4. Don’t be afraid to ask for help. Ask you friends to provide a link to your site or a blurb about your book on G-chat or on their Facebook status. Word-of-mouth is a huge component of book and author success. Widen your radius.

5. Your book can have a Facebook Page. No, faces are not required to belong to facebook. Make your book a member and then add as many people as possible as your friends. Also, on your own facebook account, how many people on facebook are friends that you actually chat with daily? Yeah, probably a minority, right? Start a group and invite everyone to belong to it. When the random person you went to middle school sees the group they are probably going to be like, Wow so-and-so wrote a book! And then you pray that random middle school person is curious enough to run out and buy it.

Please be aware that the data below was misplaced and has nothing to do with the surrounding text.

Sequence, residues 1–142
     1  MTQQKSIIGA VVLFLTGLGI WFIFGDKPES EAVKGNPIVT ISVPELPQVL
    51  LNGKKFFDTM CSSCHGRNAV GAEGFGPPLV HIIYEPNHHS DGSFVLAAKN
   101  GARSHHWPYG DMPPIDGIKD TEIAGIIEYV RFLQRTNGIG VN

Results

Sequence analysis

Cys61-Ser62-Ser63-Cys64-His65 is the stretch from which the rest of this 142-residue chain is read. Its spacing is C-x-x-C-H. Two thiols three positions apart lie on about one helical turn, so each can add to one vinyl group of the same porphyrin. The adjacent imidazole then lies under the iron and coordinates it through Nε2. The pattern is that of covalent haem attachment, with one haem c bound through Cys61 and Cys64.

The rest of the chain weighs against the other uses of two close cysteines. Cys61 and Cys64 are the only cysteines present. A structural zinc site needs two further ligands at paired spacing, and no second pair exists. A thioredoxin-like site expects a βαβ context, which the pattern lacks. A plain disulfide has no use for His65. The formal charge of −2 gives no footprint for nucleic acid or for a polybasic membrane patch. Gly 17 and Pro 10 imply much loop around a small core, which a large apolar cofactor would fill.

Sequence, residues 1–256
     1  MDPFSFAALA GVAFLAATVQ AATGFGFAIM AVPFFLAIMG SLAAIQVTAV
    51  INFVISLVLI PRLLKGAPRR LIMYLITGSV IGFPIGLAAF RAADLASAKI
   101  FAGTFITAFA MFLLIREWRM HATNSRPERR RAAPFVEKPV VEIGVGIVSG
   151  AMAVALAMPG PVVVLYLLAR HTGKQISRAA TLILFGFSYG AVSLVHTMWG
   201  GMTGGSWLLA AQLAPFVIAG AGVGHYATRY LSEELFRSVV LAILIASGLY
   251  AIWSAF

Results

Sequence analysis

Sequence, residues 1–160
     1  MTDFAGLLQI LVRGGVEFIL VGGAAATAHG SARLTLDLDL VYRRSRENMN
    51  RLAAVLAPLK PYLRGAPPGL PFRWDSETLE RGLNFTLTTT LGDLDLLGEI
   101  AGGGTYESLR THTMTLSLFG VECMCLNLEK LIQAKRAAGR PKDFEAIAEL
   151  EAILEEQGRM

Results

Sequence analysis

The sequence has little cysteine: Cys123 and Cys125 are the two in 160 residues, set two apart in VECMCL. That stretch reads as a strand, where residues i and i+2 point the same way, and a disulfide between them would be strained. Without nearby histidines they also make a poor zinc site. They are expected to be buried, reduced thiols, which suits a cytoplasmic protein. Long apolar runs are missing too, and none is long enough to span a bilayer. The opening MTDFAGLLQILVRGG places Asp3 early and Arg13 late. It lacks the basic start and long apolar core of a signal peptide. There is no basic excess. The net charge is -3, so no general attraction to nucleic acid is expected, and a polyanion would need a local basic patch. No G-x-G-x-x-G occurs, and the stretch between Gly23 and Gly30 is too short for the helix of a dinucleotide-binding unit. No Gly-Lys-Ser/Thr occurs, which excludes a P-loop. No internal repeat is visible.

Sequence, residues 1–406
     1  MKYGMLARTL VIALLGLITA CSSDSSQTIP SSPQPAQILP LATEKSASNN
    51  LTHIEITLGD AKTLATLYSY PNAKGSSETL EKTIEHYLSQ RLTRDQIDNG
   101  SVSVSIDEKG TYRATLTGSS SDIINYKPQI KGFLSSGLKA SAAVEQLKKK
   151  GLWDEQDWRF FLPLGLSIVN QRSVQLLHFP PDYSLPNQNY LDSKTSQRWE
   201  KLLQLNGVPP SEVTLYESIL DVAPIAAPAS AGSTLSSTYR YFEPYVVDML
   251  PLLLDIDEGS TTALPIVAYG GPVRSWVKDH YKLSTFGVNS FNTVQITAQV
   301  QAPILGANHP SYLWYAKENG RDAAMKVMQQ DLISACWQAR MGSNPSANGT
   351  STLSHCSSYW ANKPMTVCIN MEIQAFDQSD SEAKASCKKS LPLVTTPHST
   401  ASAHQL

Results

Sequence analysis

6. Contact your local newspaper. Most newspapers don’t have a problem with running a “Local girl pens novel” story. Send them a media package.

7. Run a contest for Amazon reviews. Lisa Shearin did this recently. Every person who posted an Amazon review was entered to win prizes on her blog. Amazon reviews matter when it comes to Amazon rankings. Remember that.

8. The Internet is your friend. Book trailers on YouTube and Google Video. Twitter. MySpace. LiveJournal. Do them all.

9. Ask for interviews. Most of the time, people are not going to come beating down your door asking for an interview. It’s ok to ask someone whose blog you like to host you for a day. What is the worst that could happen?

10. Have a cyber launch party. Avoid the costs of a real live launch party and have a cyber one. You can even wear your PJs. Places like Enduring Romance host online parties for book releases and, if you have doubts about their effectiveness, they bring in TONS of comments from readers!